3) After doing that for a while, you will note that the "gap" between inhalation and exhalation has become longer due to the slowing down of them both. In this gap there is samāna. Obviously, this vital energy is always there but when the gap is enlarged through the concentration on the outgoing and incoming breaths, you develop awareness of samāna and its respective functions (digestive and assimilative). So, your attention goes now to that gap between inhalation and exhalation. The entire concentration is on samāna. You perceive that the attention gently moves to the navel. In other words, it goes to the Maṇipūracakra, the abode of samāna. The specific function of this vital energy consists in assimilating the food and then giving the energy extracted from it to every organ in a equitable manner. Hence it is called "samāna" (that which brings about "samatā" or balance). The continuous awareness of samāna will lastly bestow on you not only a understanding of the assimilative and digestive functions controlled directly by samāna, but a complete knowledge of all bodily functions. Despite I have spoken of the cakra-s in which the vital energies are accumulated, your attention should be placed on the Prāṇa-s themselves and not on the respective centers of energy referred to.
4) When you thoroughly enter the samāna zone, you will experience a number of vibrations rising from Mūlādhāra up to the crown of the head. A series of spontaneous breathings are experienced when this happens. Those natural prāṇāyāma-s (respiratory processes) increase the power of the previous vibrations. These are to be known as "udāna" or the ascending vital energy. Its principal function is to control all that is concerned with speech and deglutition. It is the vital air which controls the facial muscles. A secondary function of it is to nourish the various tissues. As you become more conscious of udāna, you will perceive how your attention moves to the throat because Viśuddhacakra is the center in which udāna is accumulated. If you keep fixing your attention on it, you will feel your body lighter due to its quality of rising all up.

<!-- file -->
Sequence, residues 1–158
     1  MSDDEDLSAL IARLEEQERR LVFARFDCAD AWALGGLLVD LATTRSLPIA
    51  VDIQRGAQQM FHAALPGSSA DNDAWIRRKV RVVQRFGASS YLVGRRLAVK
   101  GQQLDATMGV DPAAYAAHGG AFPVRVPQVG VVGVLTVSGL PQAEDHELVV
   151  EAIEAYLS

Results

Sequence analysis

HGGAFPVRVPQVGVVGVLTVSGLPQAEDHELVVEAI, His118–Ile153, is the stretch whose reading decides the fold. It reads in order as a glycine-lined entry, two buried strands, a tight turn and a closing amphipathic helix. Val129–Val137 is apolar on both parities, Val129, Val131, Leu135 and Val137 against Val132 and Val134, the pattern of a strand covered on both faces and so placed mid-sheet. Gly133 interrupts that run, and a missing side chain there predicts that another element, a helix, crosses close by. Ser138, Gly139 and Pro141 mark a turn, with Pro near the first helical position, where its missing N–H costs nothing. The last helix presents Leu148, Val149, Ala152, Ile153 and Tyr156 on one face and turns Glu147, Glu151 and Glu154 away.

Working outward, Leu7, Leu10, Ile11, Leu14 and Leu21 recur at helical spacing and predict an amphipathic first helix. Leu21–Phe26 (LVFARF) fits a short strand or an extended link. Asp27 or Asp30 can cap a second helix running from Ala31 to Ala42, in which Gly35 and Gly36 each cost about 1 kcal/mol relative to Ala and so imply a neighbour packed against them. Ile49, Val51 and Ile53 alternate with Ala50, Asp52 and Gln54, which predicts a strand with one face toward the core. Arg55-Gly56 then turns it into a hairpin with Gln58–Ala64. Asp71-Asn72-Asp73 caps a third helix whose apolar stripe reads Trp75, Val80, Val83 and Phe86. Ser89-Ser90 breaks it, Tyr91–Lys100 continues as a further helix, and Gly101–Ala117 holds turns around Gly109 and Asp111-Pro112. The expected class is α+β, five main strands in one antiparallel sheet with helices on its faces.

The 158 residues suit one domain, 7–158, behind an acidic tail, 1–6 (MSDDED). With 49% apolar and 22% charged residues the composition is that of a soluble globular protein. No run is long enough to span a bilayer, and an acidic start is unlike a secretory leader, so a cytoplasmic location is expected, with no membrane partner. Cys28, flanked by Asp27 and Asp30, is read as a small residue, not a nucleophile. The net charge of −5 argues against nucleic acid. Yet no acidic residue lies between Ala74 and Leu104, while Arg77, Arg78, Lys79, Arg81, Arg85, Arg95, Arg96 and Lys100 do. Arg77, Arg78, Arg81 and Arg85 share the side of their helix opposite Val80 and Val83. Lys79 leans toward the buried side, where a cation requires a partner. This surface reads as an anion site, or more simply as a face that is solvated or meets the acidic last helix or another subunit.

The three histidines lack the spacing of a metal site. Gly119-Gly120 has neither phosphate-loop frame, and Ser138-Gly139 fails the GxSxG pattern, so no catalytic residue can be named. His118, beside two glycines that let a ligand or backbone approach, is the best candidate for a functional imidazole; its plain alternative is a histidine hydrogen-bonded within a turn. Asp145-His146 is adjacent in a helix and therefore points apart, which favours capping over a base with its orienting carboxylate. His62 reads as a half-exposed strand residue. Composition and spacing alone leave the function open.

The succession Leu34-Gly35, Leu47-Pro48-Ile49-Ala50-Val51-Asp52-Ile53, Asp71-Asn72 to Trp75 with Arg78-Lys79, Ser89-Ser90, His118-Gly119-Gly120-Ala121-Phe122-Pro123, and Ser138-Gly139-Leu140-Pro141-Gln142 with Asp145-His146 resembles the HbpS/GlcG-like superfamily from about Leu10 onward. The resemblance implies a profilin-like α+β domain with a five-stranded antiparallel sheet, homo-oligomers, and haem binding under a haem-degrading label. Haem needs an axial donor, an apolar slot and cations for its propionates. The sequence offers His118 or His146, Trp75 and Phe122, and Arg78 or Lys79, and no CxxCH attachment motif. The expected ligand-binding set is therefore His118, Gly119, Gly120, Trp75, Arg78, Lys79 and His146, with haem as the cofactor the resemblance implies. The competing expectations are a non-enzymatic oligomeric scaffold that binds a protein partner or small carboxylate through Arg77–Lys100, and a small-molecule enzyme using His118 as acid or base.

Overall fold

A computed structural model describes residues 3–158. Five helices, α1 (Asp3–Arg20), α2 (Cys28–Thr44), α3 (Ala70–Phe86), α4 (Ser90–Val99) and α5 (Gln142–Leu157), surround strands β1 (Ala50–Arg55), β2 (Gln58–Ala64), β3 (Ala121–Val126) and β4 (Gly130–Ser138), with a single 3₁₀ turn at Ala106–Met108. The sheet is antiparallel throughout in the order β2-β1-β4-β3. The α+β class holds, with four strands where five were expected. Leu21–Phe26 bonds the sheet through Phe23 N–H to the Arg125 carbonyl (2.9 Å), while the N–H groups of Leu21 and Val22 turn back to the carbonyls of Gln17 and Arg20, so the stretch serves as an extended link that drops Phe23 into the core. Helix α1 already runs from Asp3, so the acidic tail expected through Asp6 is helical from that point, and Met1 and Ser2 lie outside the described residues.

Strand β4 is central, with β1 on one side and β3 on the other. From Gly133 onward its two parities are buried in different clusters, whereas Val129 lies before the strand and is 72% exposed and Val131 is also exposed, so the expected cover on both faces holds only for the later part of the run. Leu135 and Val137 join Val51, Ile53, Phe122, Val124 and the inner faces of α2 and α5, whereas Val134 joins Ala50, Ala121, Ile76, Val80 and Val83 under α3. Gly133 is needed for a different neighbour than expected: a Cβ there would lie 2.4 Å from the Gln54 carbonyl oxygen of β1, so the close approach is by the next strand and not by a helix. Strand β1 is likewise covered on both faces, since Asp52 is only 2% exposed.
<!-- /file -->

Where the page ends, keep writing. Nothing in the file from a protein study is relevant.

5) After practicing for a certain period of time you will feel many vibrations in your head. You experience a kind of shaking there along with a great joy. You can feel how those vibrations go down your head, neck and the rest. You are experiencing how vyāna circulates throughout your body. Its functions are concerned with circulation, muscle tone, etc. The limbs or extremities are under complete control of vyāna. Peace and Bliss are experienced as vyāna moves up and down your body. Concentrate on that Peace and Bliss and enter your own inner Self or essential nature. This is Uccāra.
Uccāra: Different kinds of Ānanda-s
And now a description of the seven different kinds of Ānanda-s (bliss) that you experience in Uccāra. Many things that you will find here are of my personal experience with Uccāra because the descriptions I have read are mostly half-done and unfinished ones. This description is a more complete explanation of Uccāra than the previous one you studied in "Uccāra: Going deeper" because it adds the teaching of the Ānanda-s and some other things. Pay attention:
1) The bliss you feel when you experience yourself as an indweller in this physical body, while you are sitting confortably for meditation, is called NIJĀNANDA (one's own bliss). Nijānanda is simply this joy of being in a human body. It is a day-to-day experience, but somehow you do not realize it until you bring your attention to it. The experience is something like that: "I am in this body but I am different from it". The Spirit or real You appears to be within a physical body even though He (You) is completely free from all limitations. It is a true mystery. Śiva (You) has apparently become a person dwelling in a limited body. The bliss you experience in this stage is a natural and spontaneous one. You do not need to do anything to enjoy it but to bring your attention to it.